As stocks with a relatively small market capitalization have vaulted past their large-cap peers over the past three months, equity analysts see few hurdles to a continued rally for the market's smaller players on coronavirus vaccine hopes and economic recovery dreams.
"Small-cap dominance should remain as long as virus mutations don't render COVID vaccines useless and the surge in Treasury yields does not get out of control," said Edward Moya, a senior market analyst with OANDA, in an interview.
Since Pfizer Inc. and BioNTech SE announced their long-awaited and encouraging coronavirus vaccine results on Nov. 9, 2020, the S&P 600 and the Russell 2000, both small-cap indexes, have climbed by 40.1% and 36.9%, respectively, through Feb. 22. Large-cap indexes have also risen, but not nearly as much. The S&P 500, for example, has risen just 10.5% and the Nasdaq Composite Index has risen 13.8% over the same period.
"Small caps have been unbelievably strong," said Steven DeSanctis, a small and midcap strategist at Jefferies, in a Feb. 19 interview.
On Feb. 23, the S&P 600 closed down 0.6% on the day while the S&P 500 closed up 0.13%. Both indexes have been relatively flat on the week.
Small-cap stocks tend to be more levered to the overall health of the economy than their larger-cap counterparts, DeSanctis said. PBF Energy Inc., a New Jersey-based refiner, saw its stock plunge more than 77% in 2020 as demand for gasoline and other petroleum products plummeted due to lockdown measures from the pandemic. Since the vaccine announcement in November and expectations of a rise in demand, PBF's stock has risen roughly 183% through Feb. 22.
"The numbers are going in the right direction because the economy is doing better than people expected," DeSanctis said.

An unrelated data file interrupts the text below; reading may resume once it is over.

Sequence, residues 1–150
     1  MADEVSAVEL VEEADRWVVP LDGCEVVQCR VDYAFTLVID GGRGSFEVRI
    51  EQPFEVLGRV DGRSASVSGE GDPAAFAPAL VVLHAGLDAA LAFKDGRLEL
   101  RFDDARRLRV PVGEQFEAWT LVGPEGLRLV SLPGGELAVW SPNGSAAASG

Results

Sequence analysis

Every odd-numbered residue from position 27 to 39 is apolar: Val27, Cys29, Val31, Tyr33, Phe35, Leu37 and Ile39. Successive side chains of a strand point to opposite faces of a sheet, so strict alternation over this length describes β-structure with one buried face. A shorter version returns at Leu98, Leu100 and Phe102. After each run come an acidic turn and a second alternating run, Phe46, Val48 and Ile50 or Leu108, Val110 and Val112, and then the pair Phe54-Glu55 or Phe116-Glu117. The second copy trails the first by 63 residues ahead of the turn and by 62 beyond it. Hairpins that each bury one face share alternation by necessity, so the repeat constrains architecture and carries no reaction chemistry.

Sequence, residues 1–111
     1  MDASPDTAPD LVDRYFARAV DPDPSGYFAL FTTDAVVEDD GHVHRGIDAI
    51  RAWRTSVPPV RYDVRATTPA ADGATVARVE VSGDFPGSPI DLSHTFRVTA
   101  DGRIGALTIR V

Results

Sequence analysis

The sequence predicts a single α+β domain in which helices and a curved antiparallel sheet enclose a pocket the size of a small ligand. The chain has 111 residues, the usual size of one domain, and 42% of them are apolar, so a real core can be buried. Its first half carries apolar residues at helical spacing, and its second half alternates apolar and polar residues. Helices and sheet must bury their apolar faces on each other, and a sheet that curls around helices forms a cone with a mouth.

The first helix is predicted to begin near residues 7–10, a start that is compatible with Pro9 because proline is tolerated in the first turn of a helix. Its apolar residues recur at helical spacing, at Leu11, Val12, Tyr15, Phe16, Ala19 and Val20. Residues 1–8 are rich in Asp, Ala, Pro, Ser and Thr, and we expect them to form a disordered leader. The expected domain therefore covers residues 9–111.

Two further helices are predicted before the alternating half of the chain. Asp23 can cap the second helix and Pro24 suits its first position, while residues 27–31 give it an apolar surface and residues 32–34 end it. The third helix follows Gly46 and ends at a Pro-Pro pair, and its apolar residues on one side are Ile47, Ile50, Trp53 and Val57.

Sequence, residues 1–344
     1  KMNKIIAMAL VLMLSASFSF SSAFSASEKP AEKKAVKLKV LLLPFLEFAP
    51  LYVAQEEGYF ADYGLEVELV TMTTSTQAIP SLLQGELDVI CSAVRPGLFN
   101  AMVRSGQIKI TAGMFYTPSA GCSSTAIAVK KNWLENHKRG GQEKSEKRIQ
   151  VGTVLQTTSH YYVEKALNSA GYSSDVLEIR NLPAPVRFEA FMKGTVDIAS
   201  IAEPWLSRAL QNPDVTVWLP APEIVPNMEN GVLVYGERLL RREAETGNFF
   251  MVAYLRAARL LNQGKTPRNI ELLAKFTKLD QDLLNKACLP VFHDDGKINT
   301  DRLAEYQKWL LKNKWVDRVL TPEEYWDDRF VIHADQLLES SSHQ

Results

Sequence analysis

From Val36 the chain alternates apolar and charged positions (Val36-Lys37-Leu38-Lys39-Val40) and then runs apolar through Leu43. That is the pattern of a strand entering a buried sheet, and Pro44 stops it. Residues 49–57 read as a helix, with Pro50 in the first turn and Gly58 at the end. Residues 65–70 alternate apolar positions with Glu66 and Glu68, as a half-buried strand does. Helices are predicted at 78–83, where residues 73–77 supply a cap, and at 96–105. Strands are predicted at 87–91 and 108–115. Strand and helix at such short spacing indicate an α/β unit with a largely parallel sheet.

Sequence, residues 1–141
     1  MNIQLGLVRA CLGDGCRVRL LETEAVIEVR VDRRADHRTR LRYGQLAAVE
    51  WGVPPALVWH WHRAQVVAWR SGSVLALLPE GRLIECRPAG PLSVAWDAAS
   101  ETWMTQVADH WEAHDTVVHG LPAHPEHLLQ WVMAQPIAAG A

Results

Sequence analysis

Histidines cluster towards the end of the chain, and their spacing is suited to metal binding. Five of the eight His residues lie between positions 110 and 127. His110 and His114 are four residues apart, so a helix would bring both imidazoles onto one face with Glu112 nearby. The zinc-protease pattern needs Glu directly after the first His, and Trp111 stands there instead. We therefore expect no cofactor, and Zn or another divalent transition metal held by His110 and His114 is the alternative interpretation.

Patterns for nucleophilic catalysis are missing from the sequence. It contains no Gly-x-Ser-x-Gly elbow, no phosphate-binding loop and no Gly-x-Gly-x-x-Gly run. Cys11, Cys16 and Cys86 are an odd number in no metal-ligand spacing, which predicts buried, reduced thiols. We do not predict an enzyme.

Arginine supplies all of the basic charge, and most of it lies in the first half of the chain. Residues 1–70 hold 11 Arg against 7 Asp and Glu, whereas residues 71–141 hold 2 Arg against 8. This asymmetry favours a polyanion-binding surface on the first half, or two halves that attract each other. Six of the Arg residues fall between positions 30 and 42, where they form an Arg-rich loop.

When nominal GDP growth climbs above 5%, small caps outperform large-cap stocks about 63% of the time, according to data from Royce Investment Partners. Small-cap stocks have outperformed their large-cap peers by an average of 4.4% during these times, the data show.
Top individual stocks on small-cap indexes have also outperformed those on large-cap indices by a significant margin. Since the start of the year, the 10 top-performing stocks on the S&P 600, for example, have increased by an average of 123.27%, while the top 10 on the S&P 500 have increased by an average of 55.48%.
With earnings and revenues on the rise, and an ongoing vaccination rollout underway, investors believe the economy may have already rebounded, said Moya.
"Looking at the Russell 2000, one would think that we are already in a post-COVID world," said Moya. "With high hopes large parts of the economy will see some return to normalcy this summer, financial markets are ready to bet big on retail, financials and energy."
Also lending support to a potentially lasting rally is that small-cap stocks have been trading at a significant discount to their larger-cap peers for the first time in over a decade.
One measure of that discount and a stock's market value, the 12-month forward price-to-earnings, or P/E, ratio, was trading at 22.31x for the S&P 600 on Feb. 22, compared to the S&P 500's P/E ratio of 22.96. On June 8, 2020, the S&P 600's P/E ratio reached a record 38.49x, compared to the S&P 500's 25.14x ratio.
The best-performing stocks throughout the second and third quarters of 2020 were mega-cap stocks, such as Amazon.com Inc. and Microsoft Corp., which offered solutions to lockdown measures during the pandemic.
"Now, with multiple effective vaccines in distribution, traders are looking ahead to global consumers returning to 'the real world' of brick-and-mortar businesses, which are more often the types of smaller companies that make up the Russell 2000," said Matthew Weller, global head of research at GAIN Capital, in a Feb. 19 note.
But with small-caps outperforming large-caps while still trading at a discount, momentum will likely carry this rally.
"Traders have a tendency to buy what's been outperforming lately, so don't be surprised if small-cap indices like the Russell 2000 continue to outperform in the coming months," Weller wrote.